The University of Nottingham is to open a campus in China.
By Sean Coughlan
BBC News Online education staff
This £40m project, agreed with the Chinese education authorities, will be the first time a UK university has opened a purpose-built campus in China.
The first Chinese students are expected to start courses in September - with the start-up academic staff being deployed from the UK.
The university says "internationalisation" is an important part of higher education's future.
The university, which will be known as University of Nottingham, Ningbo, China, will be the latest stage in higher education's expansion into a global market.
Instead of only providing courses and degrees within their own country - universities are increasingly looking to export their "brand" overseas, where there is demand for UK-endorsed university degrees.
Businesses and universities are looking to the expand in China
Nottingham's new campus is to be opened in Ningbo, an historic city in the province of Zhejiang on China's eastern coast.
The setting up of the campus is a partnership with Chinese education authorities - but the degrees will be awarded by Nottingham.
"At our campus in China the students will graduate with University of Nottingham degrees of the same quality and standard as students graduating from here in the UK," says Douglas Tallack, the university's pro-vice chancellor for internationalisation.
"Competition in higher education is now international," he says.
By staking a claim in China, Professor Tallack says that the university will be "taken seriously" when it comes to establishing links in the country for business and research.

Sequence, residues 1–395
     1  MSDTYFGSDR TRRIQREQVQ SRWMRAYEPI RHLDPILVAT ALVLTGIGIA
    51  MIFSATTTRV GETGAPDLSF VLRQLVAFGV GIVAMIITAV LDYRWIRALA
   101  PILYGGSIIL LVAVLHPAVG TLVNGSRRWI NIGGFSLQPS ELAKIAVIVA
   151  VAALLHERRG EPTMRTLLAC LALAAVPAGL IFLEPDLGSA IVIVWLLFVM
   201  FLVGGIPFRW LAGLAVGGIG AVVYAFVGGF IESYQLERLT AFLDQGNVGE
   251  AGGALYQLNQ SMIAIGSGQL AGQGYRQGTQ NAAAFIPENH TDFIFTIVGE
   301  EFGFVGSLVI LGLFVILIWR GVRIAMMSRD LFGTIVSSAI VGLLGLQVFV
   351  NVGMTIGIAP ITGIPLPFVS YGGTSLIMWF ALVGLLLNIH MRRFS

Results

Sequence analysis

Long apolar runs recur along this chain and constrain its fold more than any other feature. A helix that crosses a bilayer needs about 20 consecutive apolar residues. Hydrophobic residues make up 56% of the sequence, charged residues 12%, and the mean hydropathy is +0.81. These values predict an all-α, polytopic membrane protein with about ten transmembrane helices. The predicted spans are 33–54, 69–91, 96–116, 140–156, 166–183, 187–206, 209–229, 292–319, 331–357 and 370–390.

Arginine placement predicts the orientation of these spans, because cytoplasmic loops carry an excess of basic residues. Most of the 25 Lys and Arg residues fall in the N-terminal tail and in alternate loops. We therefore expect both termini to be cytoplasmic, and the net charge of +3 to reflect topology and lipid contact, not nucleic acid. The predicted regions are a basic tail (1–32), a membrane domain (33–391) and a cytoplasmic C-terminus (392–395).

China will be an important market for higher education - as well as business - and Nottingham is seeking to gain an early foothold.
Professor Tallack says that between 2004 and 2008, it is expected that about 4,000 students will attend the new university.
Chinese students at the campus will get the same degrees as in Nottingham
At first, the university will teach arts and social science subjects.
Teaching will be in English - and supplementing staff from Nottingham will be locally and internationally-recruited academics.
The cost of land and construction, to be completed for September 2005, will be funded by the university's Chinese partner - the Wanli educational group.
This organisation has been charged by the Chinese government with finding ways to revitalise state education.
Nottingham University says that the cost of the venture will be covered by fees from students at the new university - and that any surpluses will be re-invested.
Professor Tallack says the project is a "two-way benefit", opening up opportunities for research and other exchanges between academics and students in China and the United Kingdom.
Nottingham University staff will teach Chinese students in English
Nottingham University already has a campus in Malaysia - and Professor Tallack says that if other opportunities arose, they would consider developing universities elsewhere.
Addressing human rights concerns, the university says: "We shall extend to our China campus our approach of working with Chinese institutions, presenting students with a balanced viewpoint, and teaching in different ways (with more independent thinking).
"We think this will go well with reform and modernisation in China itself."
The vice-president of the Ningbo campus will be Professor Ian Gow, formerly director of Nottingham University Business School.